Highmark Health Plans President Deb Rice-Johnson witnessed families receiving help from United Way agencies as a result of life circumstances at an early age. As she started her professional career, she began to give to United Way with an understanding that her contribution, along with the contributions from other employees, could make an impact to help build a stronger community. “Today, I carry with me the value that United Way provides to an array of people and how our workforce — giving as a group — can be a tremendous catalyst for positive change and improving the lives of our neighbors,” she says.

Locally, she’s leading United Way of Allegheny County’s Impact Cabinet with four focus areas: to build a strong educational foundation for children and youth; to help individuals and families regain and maintain financial stability; to provide critical in-home support for seniors; and to help people with disabilities achieve greater independence. She explains, “I’m a firm believer that United Way’s Impact Fund is extremely valuable because it encourages United Way agency collaboration in working together to address community issues and deliver positive outcomes.”

As a business leader, Rice-Johnson connects the dots between colleagues, employees, and emerging community issues to bring together the right partners. “We want to identify and tackle the most critical issues our community faces to ensure that we determine results-oriented initiatives to deliver measurable, positive change,” she says. This past year, United Way of Allegheny County’s Hi5! Kindergarten, Here I Come transformed on-time kindergarten enrollment, achieving an increase of 90 percent enrollment (up from 20 percent in previous years). To date, more than 320 middle school students across 15 schools participated in Be a Middle School Mentor, measurably improving their grades in reading and math, along with higher attendance rates. And, fitUnited provided more than 7,500 healthy meals and snacks to hungry kids this year alone. “I’d say that’s success!” Rice-Johnson says.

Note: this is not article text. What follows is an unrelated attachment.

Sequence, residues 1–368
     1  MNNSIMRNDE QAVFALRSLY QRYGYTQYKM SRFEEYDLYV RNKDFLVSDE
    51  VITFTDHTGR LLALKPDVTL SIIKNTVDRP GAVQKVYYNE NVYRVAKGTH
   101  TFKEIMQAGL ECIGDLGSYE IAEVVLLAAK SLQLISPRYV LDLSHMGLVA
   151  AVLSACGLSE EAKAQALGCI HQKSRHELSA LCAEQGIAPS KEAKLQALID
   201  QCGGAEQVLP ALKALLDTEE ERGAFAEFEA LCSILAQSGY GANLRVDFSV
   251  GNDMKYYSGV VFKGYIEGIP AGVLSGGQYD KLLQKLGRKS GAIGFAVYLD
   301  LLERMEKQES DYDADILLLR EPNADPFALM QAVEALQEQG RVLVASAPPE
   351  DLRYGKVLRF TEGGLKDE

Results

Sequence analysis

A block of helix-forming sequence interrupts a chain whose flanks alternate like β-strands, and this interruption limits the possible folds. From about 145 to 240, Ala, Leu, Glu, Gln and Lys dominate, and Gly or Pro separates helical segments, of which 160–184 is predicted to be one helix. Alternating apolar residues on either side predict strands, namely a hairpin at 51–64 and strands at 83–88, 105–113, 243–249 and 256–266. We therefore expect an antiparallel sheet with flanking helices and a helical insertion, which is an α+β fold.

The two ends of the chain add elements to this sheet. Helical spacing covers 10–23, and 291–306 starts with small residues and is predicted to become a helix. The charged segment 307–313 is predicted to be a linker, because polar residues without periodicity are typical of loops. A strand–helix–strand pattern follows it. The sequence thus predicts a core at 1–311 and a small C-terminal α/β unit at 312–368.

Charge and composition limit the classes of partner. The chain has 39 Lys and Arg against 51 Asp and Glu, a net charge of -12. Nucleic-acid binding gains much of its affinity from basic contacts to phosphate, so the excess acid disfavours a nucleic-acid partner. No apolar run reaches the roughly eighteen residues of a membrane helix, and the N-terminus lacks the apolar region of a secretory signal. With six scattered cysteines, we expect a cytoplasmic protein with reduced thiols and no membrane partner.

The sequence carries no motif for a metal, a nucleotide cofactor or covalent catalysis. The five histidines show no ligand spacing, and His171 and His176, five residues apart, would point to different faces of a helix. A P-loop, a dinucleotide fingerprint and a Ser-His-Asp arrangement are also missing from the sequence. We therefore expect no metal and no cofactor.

One of the nonprofit’s newest initiatives, United for Children: Motivating Kids to Succeed, strives to touch tens of thousands of children in areas ranging from healthier nutrition and increased physical activity, to preparedness for kindergarten and high-quality after-school and summer programs, in the next five years. To help achieve this program’s objective, she says she’s “committed to challenging the Highmark workforce to serve as a model when it comes to fundraising and volunteering.” Additionally, Rice-Johnson is working to create a coalition for veterans to provide frequently needed services as well as to help subside the challenges posed for veterans in the workplace. She says, “One component of this effort will provide recruitment and employment-focused support for former military personnel.”

In keeping this year’s campaign at the forefront, Rice-Johnson sees the organization continuing to build on successful programs that achieve results, as well as innovating new programs to impact the lives of people in need. “The bottom line is that the more the community supports United Way, both financially and through volunteerism, the bigger difference we’ll make,” she says. “We work to build and expand initiatives that dive deep into the core of problems to create long-term, sustainable change.”


 + Support the United Way: To give, advocate, volunteer, or keep up with future events, visit unitedwaypittsburgh.org.